Bankruptcy and Property: What are the Effects of Bankruptcy on Your House and Car?
Those of you filing chapter 7 bankruptcy will face the decision of whether you should reaffirm your secured debts, which are typically just your home mortgage and car note. Your attorney knows full well that you need a car to get to and from work, and dont want to move. So therefore we want you to sign that reaffirmation agreement on those items, right? Maybe, but probably not.
Some of the most common questions I get in a bankruptcy consultation are:
Will I lose my house in chapter 7 bankruptcy?
Can I keep my car in chapter 7 bankruptcy?
What kind of car loan interest rate can I expect after chapter 7 bankruptcy?
How will I get a mortgage after chapter 7 bankruptcy?
How long after my bankruptcy case can you buy a house?
As many chapter 7 debtors rightfully worry about their ability to qualify for a home mortgage or car note after their chapter 7 bankruptcy discharge, they often think If I dont sign that reaffirmation agreement then I will lose my house and my car. Fortunately, thats not necessarily the case.
Reaffirmation means that, in return for the right to keep property or to receive credit in the future, you agree to reobligate yourself to pay a debt you would not otherwise be required to pay after bankruptcy. However, if you owe more on the debts than the property that secures the debt is worth, you may not want to agree to reaffirm for the full amount of the debt, because you could go out and buy the same merchandise, house, or car for less money. Think about it- why would you want to come out of bankruptcy with a car that is worth $10,000, but you owe $25,000?
Some secured lenders (particularly home mortgage lenders) will continue to accept your monthly payments and allow you to keep the collateral even if you havent indicated intent to reaffirm your debt. This is known as the Retain and Pay option, which is an informal option not explicitly recognized by the Bankruptcy Code, but not specifically forbidden by it either. The risk with this option is a lack of certainty or predictability. Some car lenders will repossess vehicles unless you timely reaffirm the debt, depending on your states law and whether there is an ipso facto clause. Some lenders feel that it is better to receive monthly payments under the informal retain and pay option rather than lose money by selling repossessed vehicles at auction prices.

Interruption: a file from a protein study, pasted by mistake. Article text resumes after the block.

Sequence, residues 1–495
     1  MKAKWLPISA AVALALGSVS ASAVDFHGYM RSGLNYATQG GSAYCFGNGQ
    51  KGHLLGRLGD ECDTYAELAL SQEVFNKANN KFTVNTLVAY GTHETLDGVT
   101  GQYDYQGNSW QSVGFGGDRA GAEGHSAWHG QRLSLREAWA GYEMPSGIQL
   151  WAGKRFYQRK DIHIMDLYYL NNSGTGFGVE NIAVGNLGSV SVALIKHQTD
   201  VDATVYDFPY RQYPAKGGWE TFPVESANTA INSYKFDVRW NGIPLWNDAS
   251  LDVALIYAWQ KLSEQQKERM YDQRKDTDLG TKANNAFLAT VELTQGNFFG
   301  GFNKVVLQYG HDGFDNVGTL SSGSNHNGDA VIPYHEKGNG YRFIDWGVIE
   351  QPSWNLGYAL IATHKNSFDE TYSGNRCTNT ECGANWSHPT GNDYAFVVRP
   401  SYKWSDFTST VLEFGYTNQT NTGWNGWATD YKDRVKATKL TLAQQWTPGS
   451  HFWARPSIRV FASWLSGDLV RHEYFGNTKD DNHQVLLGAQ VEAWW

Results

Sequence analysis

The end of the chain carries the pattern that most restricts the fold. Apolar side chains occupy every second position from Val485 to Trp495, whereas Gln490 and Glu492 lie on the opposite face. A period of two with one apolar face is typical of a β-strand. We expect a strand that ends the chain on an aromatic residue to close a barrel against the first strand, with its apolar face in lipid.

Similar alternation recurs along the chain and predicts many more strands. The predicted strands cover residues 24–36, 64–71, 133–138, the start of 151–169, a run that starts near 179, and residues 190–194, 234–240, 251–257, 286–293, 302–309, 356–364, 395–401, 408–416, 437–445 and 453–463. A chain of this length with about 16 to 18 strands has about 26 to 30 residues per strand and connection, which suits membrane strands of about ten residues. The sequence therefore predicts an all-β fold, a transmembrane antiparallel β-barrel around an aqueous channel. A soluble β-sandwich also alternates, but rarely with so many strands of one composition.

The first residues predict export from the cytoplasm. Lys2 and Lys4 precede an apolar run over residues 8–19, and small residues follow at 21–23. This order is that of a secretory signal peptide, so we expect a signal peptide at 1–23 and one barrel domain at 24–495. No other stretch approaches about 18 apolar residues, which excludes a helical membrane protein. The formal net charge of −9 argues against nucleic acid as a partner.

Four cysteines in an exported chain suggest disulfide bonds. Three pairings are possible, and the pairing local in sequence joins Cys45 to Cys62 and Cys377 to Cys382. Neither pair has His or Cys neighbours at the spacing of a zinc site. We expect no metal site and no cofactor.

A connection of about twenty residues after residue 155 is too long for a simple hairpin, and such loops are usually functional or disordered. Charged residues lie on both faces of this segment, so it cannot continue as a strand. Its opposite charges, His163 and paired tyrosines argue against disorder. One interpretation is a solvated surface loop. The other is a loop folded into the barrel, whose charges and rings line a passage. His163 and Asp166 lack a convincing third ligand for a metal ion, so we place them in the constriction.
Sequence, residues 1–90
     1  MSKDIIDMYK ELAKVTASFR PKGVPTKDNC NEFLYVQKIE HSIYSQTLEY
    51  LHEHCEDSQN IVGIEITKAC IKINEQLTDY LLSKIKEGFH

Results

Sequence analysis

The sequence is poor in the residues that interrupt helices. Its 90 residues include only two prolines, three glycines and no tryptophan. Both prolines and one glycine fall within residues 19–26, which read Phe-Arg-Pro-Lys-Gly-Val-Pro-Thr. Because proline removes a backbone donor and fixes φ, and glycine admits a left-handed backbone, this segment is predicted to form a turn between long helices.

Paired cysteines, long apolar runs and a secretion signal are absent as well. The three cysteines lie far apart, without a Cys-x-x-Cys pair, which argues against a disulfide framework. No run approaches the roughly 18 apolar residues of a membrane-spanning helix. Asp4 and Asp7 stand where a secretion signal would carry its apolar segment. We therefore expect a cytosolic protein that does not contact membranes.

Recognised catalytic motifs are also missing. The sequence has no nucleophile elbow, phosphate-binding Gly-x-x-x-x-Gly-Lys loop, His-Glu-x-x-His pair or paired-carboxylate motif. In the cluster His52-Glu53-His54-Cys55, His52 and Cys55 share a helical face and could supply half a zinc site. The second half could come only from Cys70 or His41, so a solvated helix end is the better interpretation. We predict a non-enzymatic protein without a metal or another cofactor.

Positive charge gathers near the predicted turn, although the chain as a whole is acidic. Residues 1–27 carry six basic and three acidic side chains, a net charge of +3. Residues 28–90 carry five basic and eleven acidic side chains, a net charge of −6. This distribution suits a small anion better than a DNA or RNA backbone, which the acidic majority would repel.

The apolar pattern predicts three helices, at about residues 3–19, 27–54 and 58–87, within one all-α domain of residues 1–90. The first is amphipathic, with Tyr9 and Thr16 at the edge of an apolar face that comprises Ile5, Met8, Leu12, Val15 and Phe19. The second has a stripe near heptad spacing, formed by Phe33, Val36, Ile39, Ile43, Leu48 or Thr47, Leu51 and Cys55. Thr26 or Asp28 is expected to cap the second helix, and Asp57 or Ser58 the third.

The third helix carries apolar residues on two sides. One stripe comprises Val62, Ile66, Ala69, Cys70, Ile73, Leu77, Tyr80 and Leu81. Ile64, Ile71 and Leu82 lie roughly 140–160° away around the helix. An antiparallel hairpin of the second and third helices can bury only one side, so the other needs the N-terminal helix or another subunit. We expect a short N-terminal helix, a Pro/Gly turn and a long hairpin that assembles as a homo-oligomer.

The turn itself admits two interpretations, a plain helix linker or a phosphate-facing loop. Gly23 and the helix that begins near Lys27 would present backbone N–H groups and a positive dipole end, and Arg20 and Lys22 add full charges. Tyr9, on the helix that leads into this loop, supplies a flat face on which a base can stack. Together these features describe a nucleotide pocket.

If you can live with this risk, it may be better to not reaffirm a debt even if you are not behind in your payments or otherwise in default. You can then make the payments informally to the best of your ability while making certain that you maintain full coverage insurance at all times, pay taxes, make all payments on time, etc. You may request that creditor send regular statements to you even if you do not reaffirm, but there is no guarantee they will send them.
Even if you do not reaffirm your car loan, there is another option to keep your car. You can redeem the car for the fair market value. To do so, you most likely will need a lender to step in and provide you with funding through a redemption loan. This often results in the debtor keeping the car at a reduced monthly payment even though the debtors interest rate has increased.
Unless there is a decent amount of equity in the home, mortgage reaffirmations do not provide a significant advantage. The typical chapter 7 debtor does not have much equity in their home. If he/she did, he/she would probably not be in chapter 7 bankruptcy. Furthermore, depending on how much property the debtor could exempt under their states exemption laws, the debtor might not want to file chapter 7 if there was enough equity that the trustee could liquidate the house to pay the debtors creditors.
By signing a home mortgage reaffirmation agreement, you are voluntarily deciding to have your largest debt survive the bankruptcy. In the event that some financial disaster occurs to you or your family in the future, you will not be able to walk away from this debt due to the signing of the reaffirmation agreement. Even without a reaffirmation agreement, as long as you stay current on your payments, though, that should not cause you any problems as the mortgage company does not foreclose on a property as long as you stay current.
If you reaffirm a debt you are placing yourself in the same, or a worse, position with respect to the debt than you were in before you filed bankruptcy.
You must pay a debt that you are not legally obligated to pay;
If you default, the property securing the debt may be repossessed and you may be subject to a deficiency judgment;
If you default, your wages, bank account, or property may be garnished;
If you default, your credit will be further damaged;
And most importantly, you have now tied yourself to the house and must sell it or satisfy the mortgage to move away, whereas if you had not signed the reaffirmation, then you would have had the freedom to pick up and move whenever you wanted since there was no note obligation to tie you down.
It is also important to note that reaffirmation agreements must be filed with the bankruptcy court before the date of your chapter 7 discharge or else they are not binding. Finally, reaffirmation agreements are not part of chapter 13 bankruptcy, as the debtor in that chapter retains all of his/her assets in exchange for working out a repayment plan with creditors.